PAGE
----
These things he couldn’t imagine;
no lover ever imagines them.

He dreams, he wonders what to call this place.
First he things: The New Hell. Then: The Garden.
In the end, he decides to name it
Persephone’s Girlhood.

A soft light rising above the level meadow,
behind the bed.  He takes her in his arms.
He wants to say I love you, nothing can hurt you

but he thinks
this is a lie, so he says in the end
you’re dead, nothing can hurt you
which seems to him
a more promising beginning, more true.

🌱🌾🌿

Persephone the Wanderer

In the second version, Persephone
is dead.  She dies, her mother grieves–
problems of sexuality need not
trouble us here.

Compulsively, in grief, Demeter
circles the earth.  We don’t expect to know
what Persephone is doing.
She is dead, the dead are mysteries.

We have here
a mother and a cipher: this is
accurate to the experience
of the mother as
she looks into the infant’s face.  She thinks:
I remember when you didn’t exist.  The inant
is puzzled; later, the child’s opinion is
she has always existed, just as

her mother has always existed
in her present form.  Her mother
is like a figure at a bus stop,
an audience for the bus’s arrival.  Before that,
she was the bus, a temporary
home or convenience.  Persephone, protected,
stares out the window of the chariot.

What does she see? A morning
in early spring, in April.  Now

her whole life is beginning–unfortunately
it’s going to be
a short life.  She’s going to know, really,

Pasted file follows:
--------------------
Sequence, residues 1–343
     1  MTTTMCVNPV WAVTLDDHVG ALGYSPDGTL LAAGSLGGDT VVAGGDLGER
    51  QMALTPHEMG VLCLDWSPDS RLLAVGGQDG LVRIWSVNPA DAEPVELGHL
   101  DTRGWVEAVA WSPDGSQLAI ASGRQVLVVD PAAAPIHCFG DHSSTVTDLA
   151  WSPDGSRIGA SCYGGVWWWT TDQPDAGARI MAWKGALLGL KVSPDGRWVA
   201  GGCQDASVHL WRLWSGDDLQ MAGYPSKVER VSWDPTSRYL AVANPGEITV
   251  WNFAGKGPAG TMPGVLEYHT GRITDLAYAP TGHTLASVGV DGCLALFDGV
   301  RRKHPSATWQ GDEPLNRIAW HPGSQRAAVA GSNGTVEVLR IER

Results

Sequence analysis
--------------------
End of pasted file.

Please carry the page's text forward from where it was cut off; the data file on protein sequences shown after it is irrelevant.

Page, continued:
only two adults: death and her mother.
But two is
twice what he mother has:
her mother has

one child, a daughter.
As a god, she could have had
a thousand children.

We begin to see here
the deep violence of the earth

whose hostility suggests
she has no wish
to continue as a source of life.

And why is this hypothesis
never discussed?  Because
it is not in the story; it only
creates the story.

In grief, after the daughter dies,
the mother wanders the earth.
She is preparing her case;
like a politician
she remembers everything and admits
nothing.

For example, her daughter’s
birth was unbearable, her beauty
was unbearable: she remembers this.
She remembers Persephone’s
innocence, her tenderness–

What is she planning, seeking her daughter?
She is issuing
a warning whose implicit message is:
what are you doing outside my body?
You ask yourself:
why is the mother’s body safe?

The answer is
this is the wrong question, since

the daughter’s body
doesn’t exist, except
as a branch of the mother’s body
that needs to be
reattached at any cost.

When a god grieves it means
destroying others (as in war)
while at the same time petitioning
to reverse agreements (as in war also):

if Zeus will get her back,
winter will end.

Winter will end, spring will return.
The smal pestering breezes
that I so loved, the idiot yellow flowers–

Spring will return, a dream
based on a falsehood:
that the dead return.

Persephone
was used to death.  Now over and over
her mother hauls her out again–

You must ask yourself:
are the flowers real?  If

Persephone “returns” there will be
one of two reasons:

either she was not dead or
she is being used
to support a fiction–

I think  I can remember
being dead.  Many times, in winter,
I approached Zeus.  Tell me, I would ask him,
how can I endure the earth?

And he would say,
in a short time you will be here again.
and in the time between

you will forget everything:
those fields of ice will be
the meadows of Elysium.

🌱🌾🌿